PARTIAL results from the Iraqi referendum suggest that voters have said 'yes' to the new constitution.
Initial returns indicate that just two provinces, the overwhelmingly Sunni Salahuddin and Anbar areas, have rejected the constitution, but that in other areas which were narrowly Sunni, voters have approved the deal.
The Kurdish and Shia areas are widely expected to have voted massively in favour.
Results are expected later this week, but a team of international and Iraqi election experts have pored over initial results from one of the most crucial provinces, Ninevah, trying to determine if there were irregularities in an unexpectedly high number of 'yes' votes.
Electoral Commission officials, however, insisted that no fraud had been uncovered and no major complaints had been lodged through its system for filing grievances.
Safwat Rashid, a member of the commission, said: "We did not find any significant violations that would have any effect on the final results of the referendum."
Commission member Adel al-Lami announced partial results from 13 provinces based on half the votes cast in each. They showed strong 'yes' votes above 90% in seven southern Shi'ite provinces. Two Kurdish provinces in the north, Sulaimaniyah and Dohuk, had 'yes' votes of 98.95% and 99.11% respectively.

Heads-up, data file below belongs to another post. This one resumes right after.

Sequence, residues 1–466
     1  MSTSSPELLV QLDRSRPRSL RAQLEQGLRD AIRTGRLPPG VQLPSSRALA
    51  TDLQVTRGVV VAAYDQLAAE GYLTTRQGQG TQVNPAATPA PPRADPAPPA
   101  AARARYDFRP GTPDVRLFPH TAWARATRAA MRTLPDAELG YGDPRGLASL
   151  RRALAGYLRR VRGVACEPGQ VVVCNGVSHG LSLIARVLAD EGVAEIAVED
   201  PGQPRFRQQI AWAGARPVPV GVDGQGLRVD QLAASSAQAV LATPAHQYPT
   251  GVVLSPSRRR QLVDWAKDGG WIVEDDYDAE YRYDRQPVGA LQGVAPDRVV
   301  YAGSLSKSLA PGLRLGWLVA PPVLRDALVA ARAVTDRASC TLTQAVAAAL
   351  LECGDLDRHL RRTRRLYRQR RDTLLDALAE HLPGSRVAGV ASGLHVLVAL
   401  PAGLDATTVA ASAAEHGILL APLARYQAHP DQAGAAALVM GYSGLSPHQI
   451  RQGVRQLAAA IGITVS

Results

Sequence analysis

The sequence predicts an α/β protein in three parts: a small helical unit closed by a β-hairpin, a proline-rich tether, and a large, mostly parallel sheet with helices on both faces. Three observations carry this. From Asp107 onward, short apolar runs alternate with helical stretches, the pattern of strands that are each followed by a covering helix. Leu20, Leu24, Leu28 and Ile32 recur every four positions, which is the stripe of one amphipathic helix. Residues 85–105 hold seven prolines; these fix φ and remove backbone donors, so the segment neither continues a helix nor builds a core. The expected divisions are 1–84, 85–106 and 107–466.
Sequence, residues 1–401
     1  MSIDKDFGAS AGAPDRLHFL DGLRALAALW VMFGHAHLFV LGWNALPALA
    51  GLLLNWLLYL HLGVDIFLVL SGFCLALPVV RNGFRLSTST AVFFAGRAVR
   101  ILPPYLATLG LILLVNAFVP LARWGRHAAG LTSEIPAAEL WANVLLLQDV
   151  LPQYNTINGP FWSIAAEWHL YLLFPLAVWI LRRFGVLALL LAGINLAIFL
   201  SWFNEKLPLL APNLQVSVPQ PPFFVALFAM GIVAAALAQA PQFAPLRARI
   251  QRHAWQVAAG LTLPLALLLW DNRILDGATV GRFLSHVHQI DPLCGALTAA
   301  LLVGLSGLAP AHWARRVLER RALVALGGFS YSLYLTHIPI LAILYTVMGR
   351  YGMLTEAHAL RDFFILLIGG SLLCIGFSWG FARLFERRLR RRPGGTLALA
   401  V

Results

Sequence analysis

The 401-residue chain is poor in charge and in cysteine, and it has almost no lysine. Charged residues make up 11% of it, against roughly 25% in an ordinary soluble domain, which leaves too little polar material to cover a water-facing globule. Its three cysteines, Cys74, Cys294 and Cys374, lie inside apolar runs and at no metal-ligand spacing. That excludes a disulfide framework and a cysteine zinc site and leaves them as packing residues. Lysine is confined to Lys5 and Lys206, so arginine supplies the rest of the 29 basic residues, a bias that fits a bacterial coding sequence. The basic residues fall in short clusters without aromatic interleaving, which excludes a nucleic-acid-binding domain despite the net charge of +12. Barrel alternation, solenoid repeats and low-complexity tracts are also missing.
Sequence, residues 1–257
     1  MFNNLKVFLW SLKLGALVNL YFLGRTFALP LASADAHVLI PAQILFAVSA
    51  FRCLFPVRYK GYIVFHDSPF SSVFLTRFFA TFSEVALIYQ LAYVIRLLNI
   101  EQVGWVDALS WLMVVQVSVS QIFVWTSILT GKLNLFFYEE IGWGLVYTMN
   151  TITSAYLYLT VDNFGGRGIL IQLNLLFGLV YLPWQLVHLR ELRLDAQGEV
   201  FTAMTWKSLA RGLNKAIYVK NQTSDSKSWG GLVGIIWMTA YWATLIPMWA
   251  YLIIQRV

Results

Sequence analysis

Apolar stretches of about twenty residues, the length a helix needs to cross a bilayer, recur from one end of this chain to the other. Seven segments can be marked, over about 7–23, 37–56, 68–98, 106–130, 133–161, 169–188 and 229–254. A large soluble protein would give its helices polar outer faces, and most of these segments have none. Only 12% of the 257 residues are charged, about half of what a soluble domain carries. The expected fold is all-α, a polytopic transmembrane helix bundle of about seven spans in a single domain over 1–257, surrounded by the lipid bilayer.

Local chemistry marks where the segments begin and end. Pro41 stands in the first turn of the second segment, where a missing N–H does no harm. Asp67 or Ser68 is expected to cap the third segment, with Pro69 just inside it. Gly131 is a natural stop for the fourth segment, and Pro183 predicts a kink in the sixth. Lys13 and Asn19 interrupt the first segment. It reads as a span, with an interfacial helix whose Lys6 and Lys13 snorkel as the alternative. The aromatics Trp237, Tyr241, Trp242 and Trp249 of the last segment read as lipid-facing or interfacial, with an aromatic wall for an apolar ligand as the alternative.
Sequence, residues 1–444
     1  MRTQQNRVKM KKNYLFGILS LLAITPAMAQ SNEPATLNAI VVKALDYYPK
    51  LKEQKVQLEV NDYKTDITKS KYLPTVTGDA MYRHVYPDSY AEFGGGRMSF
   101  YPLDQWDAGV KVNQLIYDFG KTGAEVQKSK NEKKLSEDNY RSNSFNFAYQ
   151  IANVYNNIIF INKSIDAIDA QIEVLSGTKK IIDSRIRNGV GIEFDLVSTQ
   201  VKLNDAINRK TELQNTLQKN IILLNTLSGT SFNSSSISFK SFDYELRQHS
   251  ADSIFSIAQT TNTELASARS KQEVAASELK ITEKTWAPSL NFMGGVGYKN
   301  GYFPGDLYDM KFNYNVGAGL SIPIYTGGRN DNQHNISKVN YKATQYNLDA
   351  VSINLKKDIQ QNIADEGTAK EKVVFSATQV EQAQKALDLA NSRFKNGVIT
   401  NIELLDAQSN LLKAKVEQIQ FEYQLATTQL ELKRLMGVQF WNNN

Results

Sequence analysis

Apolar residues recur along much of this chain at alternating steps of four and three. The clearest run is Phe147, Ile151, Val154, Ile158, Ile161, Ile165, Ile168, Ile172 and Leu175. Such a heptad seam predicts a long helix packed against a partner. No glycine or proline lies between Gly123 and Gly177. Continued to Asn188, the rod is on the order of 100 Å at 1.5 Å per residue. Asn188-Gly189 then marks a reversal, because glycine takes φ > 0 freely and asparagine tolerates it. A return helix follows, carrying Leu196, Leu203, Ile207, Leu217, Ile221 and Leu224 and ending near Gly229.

In Salahuddin, 81.15% voted 'no', a level expected to remain about the same.
The partial results indicated 'yes' votes of 78% in Baghdad, 51% in Diyala, and 62% in Tamim. But those provinces have highly mixed populations, so the other half of the vote there could change the final figures, depending on whether Shi'ite, Sunni and Kurd regions remain to be counted.
With a majority of Iraqis expected to approve the constitution, its Sunni Arab opponents needed to get a two-thirds 'no' vote in any three provinces. It appeared to have received it in Salahuddin and Anbar.
With Diyala looking to have narrowly voted 'yes', the constitution's opponents need Ninevah, which has a slight Sunni Arab majority but large Shi'ite and Kurdish communities. Initial results from there showed a 70% 'yes' vote but later estimates put it at a closer 55% 'yes'.
Meanwhile, the Iraqi government has promised to step up security for defence lawyers in Saddam Hussein's trial after one was kidnapped and killed by men wearing security forces' uniforms. But the attorneys rejected an offer of Iraqi guards, because of a lack of trust in the country's interior ministry.
The murder of Saadoun al-Janabi scared the 12 remaining lawyers who appeared at the first session of Saddam's trial last Wednesday, representing the ousted dictator and seven officials from his Ba'athist regime.
"We have decided to take some measures to protect the lawyers," deputy interior minister General Hussein Ali Kamal said yesterday.
But one of Saddam's two lawyers said the entire defence on Friday night had rejected an offer of guards from the Iraqi interior ministry.
Meanwhile, the freed kidnap victim Rory Carroll was expected to return home to Dublin this weekend for an emotional family reunion.
Gunmen snatched the Guardian journalist from a Baghdad suburb last Wednesday but he was released unharmed on Thursday night after 36 hours in captivity.
Carroll's father Joe said he expected his 33-year-old son to visit his Blackrock home to see his mother Kathy and sister Karina.